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    What's his definition? I'll give you mine Skepticism is the withholding of belief in a proposition/claim absent sufficient and reliable evidence. A skeptical method is one that assesses the sufficiency and reliability (including the validity) of the evidence supporting a claim.
     
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  12. Types With Fingers

    Types With Fingers New

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    The challenge I have with this is we already have organizations on both sides of the aisle who report to be "skeptical." JREF, Dawkins Foundation, CSICOP, etc., are debunkers of paranormal phenomenon, and on the other side SCEPCOP, Open Sciences, etc., are debunkers of materialism. In between is a fire-scorched No Man's Land where no one's getting an inch of territory on the other.

    The Oxford Dictionary doesn't help too well with the definition of skepticism, which is listed as a skeptical attitude (thanks, didn't know that :P). So I looked up skeptical, which is defined as "not easily convinced; having doubts or reservations." I don't think that helps much either because who's to say how much is "easily" not convinced?

    So I'm taking up my own definition of skepticism, as accepting or denying data and conclusions from data in spite of one's own beliefs. Which to me makes the Buddhists the best skeptics we have in the world.
     
  13. Arouet

    Arouet Member

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    What I'm talking about is the promotion of skeptical methodology as distinct from the application of it. The tools to evaluate claims including (but not limited to):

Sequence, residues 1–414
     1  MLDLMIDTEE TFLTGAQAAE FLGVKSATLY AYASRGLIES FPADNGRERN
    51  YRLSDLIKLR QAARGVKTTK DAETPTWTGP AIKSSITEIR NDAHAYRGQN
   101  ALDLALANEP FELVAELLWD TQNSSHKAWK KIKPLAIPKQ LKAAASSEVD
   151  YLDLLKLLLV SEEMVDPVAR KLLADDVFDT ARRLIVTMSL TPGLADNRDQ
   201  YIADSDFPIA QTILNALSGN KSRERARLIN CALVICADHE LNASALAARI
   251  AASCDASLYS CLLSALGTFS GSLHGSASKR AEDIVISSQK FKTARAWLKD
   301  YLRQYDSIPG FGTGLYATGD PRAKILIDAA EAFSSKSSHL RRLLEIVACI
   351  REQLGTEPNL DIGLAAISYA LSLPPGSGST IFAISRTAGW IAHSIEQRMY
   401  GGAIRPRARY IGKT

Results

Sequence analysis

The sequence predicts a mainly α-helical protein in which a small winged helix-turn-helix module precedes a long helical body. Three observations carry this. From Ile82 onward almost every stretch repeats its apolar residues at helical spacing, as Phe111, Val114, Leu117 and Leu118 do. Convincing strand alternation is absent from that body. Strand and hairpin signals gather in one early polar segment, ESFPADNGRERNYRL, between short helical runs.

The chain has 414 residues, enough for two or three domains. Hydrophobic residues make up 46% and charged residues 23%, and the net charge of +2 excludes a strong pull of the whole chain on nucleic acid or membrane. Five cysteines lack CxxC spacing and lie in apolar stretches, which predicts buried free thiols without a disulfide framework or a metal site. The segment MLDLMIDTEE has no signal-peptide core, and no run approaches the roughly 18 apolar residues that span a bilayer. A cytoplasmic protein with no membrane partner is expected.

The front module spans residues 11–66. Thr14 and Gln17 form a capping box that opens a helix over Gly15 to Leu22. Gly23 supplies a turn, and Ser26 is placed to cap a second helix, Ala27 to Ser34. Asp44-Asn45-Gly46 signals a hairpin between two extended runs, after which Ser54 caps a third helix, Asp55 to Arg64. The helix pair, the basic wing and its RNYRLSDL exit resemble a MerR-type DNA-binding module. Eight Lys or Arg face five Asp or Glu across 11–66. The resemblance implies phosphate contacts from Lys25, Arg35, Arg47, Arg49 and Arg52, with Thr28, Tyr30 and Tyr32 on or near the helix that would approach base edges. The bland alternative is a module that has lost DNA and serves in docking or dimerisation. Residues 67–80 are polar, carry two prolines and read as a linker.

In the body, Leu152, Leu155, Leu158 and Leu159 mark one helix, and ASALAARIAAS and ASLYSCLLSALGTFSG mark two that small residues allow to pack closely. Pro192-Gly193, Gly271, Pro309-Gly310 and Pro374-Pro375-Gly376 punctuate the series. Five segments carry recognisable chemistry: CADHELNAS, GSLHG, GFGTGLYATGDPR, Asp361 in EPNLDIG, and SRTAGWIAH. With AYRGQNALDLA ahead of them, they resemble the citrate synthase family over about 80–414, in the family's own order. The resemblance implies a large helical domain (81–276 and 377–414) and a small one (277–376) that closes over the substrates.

• critical thinking
    • the identification of logical fallacies
    • how bias can impact on our views
    • the role of the scientific method
    • the importance of methodology
    That is a common definition of skepticsm - but it is not what the skeptic organisations mean by skepticism.

    I think your definition is implicit in mine, but yours is missing any kind of direction about how we should be evaluating evidence or deriving conclusions.
     
  14. Types With Fingers

    Types With Fingers New

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    Yes, I love it! You should make a thread of it, so we could refer to it in future forum discussions.

    Yes, well, that's because I'm an adorable sky-bison, not a wordsmith.
     
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  15. Arouet

    Arouet Member

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    I made this post in the main podcast thread by accident, thought I was in this thread:

    That was a strange statement. I don't see a link. It seems to be a variation of this article: http://www.sptimes.com/Floridian/41498/The__quack__hunter.html


    Which makes a lot more sense!
     
  16. JCearley

    JCearley New

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    I think this is a gross understatement. I believe the complaint being levied here is that they are not agnostics promoting reason, they are "true believers" who have simply replaced what their religious idols are to something else.